Soon after you discover that you are pregnant, your doctor will send you for an ultrasound test or pelvic examination, in order to determine the health of your baby, as well as your uterus. Many women discover during these exams, that they have uterine fibroids.
These are masses that grow in or on the uterus, are normally quite harmless, and very seldom cause complications. There are times however, when these masses can cause problems, so it is always good to know the truths about uterine fibroids and pregnancy, and what to expect during your pregnancy.
Uterine Fibroids – What are they?
Basically, fibroids are a type of non-cancerous tumor consisting of tissue cells from your uterus. These masses can grow in and around your uterus, altering both the shape and size of the organ.
Fibroids range in sizes from a couple of centimeters in length to about 15 centimeters, and more. These masses very often grow in groups, so if one is found growing in your uterus it is very likely that you have more.
They are quite common, considering that between 50 and 80 percent of all women have at least one fibroid. Most of the time, women are not even aware that they have fibroids, but there are the other 20% of women that do have problems.
Uterine fibroids are normally discovered during yearly pelvic exams, and between 10 and 30 percent of pregnant women, also have them.
The different types of uterine fibroids
Following are the three different types of uterine fibroids, categorised according to where they develop in the uterus.
- Intramural fibroids are the most common type of fibroids, which develop inside the wall of the uterus
- Subserosal fibroids are those that develop on the outside of the uterus. They can increase in size and in some cases, grow on a stem and branch out in the direction of other organs
- Submucosal fibroids, account for just 5% of all uterine fibroids, and develop inside the uterus
Can any woman develop uterine fibroids?
According to the information supplied at www.pregnancy-info.net/fibroids.html, any woman, no matter what her age, can be affected by uterine fibroids.
As a matter of fact, if doctors looked carefully enough, they would find that just about any woman has at least one small fibroid.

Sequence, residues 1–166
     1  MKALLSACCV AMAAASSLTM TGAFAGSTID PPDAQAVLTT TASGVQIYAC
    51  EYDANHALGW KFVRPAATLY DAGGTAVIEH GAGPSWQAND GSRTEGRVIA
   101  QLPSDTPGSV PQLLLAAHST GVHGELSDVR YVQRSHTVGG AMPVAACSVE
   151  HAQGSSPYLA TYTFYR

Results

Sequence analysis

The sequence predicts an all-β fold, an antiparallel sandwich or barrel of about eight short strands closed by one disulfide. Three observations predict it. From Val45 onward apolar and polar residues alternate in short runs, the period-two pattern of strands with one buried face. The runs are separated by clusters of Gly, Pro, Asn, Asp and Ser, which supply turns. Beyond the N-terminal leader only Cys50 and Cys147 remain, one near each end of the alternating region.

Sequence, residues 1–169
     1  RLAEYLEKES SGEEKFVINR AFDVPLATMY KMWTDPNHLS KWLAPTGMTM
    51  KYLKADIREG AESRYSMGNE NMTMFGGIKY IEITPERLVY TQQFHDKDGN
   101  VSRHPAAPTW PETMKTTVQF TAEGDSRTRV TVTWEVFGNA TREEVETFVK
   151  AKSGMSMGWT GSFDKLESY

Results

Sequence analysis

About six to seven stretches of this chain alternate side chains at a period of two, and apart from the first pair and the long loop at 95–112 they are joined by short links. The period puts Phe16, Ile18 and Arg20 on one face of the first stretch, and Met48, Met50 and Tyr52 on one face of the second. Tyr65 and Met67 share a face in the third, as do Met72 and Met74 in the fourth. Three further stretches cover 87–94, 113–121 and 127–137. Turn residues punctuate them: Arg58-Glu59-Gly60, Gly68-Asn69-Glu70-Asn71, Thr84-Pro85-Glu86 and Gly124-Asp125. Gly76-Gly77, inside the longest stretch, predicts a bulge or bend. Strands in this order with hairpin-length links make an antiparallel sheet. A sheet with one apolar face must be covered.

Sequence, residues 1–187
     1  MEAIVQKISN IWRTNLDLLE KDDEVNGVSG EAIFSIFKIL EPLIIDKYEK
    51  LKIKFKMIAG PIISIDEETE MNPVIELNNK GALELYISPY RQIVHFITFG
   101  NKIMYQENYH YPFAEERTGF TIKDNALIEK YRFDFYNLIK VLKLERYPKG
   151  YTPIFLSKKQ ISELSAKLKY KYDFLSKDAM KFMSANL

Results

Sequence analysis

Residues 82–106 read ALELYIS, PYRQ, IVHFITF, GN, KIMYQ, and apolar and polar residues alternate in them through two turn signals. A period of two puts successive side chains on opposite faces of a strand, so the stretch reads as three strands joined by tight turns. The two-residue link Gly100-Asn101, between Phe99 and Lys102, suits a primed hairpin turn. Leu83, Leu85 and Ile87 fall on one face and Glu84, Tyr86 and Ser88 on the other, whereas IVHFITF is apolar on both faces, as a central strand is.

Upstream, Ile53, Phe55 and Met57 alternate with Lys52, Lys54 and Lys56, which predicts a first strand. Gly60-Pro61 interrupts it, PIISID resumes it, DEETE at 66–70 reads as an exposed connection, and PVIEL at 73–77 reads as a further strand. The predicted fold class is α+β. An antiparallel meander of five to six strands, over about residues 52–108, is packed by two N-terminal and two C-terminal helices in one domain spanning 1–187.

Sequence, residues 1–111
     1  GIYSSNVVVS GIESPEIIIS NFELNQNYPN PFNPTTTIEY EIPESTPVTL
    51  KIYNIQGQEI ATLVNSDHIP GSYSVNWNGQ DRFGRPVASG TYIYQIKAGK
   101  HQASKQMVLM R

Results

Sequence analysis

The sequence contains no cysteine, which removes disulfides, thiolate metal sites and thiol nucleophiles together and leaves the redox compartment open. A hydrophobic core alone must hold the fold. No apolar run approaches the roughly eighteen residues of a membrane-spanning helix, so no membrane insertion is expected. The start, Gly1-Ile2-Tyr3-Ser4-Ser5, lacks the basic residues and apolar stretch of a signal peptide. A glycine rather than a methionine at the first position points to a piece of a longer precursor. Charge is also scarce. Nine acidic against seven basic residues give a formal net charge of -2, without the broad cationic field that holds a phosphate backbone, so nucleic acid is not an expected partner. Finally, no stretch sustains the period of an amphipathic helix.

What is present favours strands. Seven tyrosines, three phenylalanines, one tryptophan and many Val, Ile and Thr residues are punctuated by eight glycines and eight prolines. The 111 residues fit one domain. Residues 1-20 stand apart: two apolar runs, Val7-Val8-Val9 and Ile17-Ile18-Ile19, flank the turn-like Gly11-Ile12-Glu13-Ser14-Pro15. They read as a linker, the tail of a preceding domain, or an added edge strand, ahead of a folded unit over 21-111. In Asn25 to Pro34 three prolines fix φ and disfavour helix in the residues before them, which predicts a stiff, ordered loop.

There are however, certain woman that are more at risk of developing fibroids, such as those between the ages of 20 and 50, and those that are of African descent.
What are the causes of uterine fibroids?
Many women wonder why they develop fibroids in the first place, but the medical profession cannot agree as to why fibroids start growing. For some women it might be genetic reasons, and for others, the reasons might be hormonal.
It is also possible that the reproductive hormones, progesterone and estrogen, are able to stimulate cell growth, causing fibroids to develop. Increased hormone activity during pregnancy may also be the cause of fibroids increasing in size.
Most fibroids begin to shrink in size after pregnancy and during menopause, due to the lack of hormones in the body.
What are the symptoms of fibroids?
Fibroids do not cause any symptoms in the majority of women. In fact, most women are not even aware that they have fibroids, until they become pregnant. There are cases however, where large fibroids do cause a certain amount of discomfort.
These symptoms could include :
- Periods that last longer than normal
- Excessive bleeding
- Painful intercourse
- Distended stomach or constipation
- Backache or pain in the legs
- Pressure or pain in the pelvic area
Uterine Fibroids and Pregnancy
Even though fibroids do tend to increase in size during pregnancy, it is doubtful whether they will cause any significant symptoms, although there are some pregnant women who experience trivial symptoms, especially light spotting and pelvic pain.
These symptoms are more common in women that experience fibroid torsion, which is when a subserosal fibroid begins to twist on its stem.
However, even though most pregnant woman who have fibroids do not have any complications, risks of preterm labor and miscarriage are increased slightly.
On some occasions, if fibroids do become very large, certain complications can arise, such as postpartum hemorrhaging, delayed labor, fetal malpresentation, cesarean section, and labor obstruction.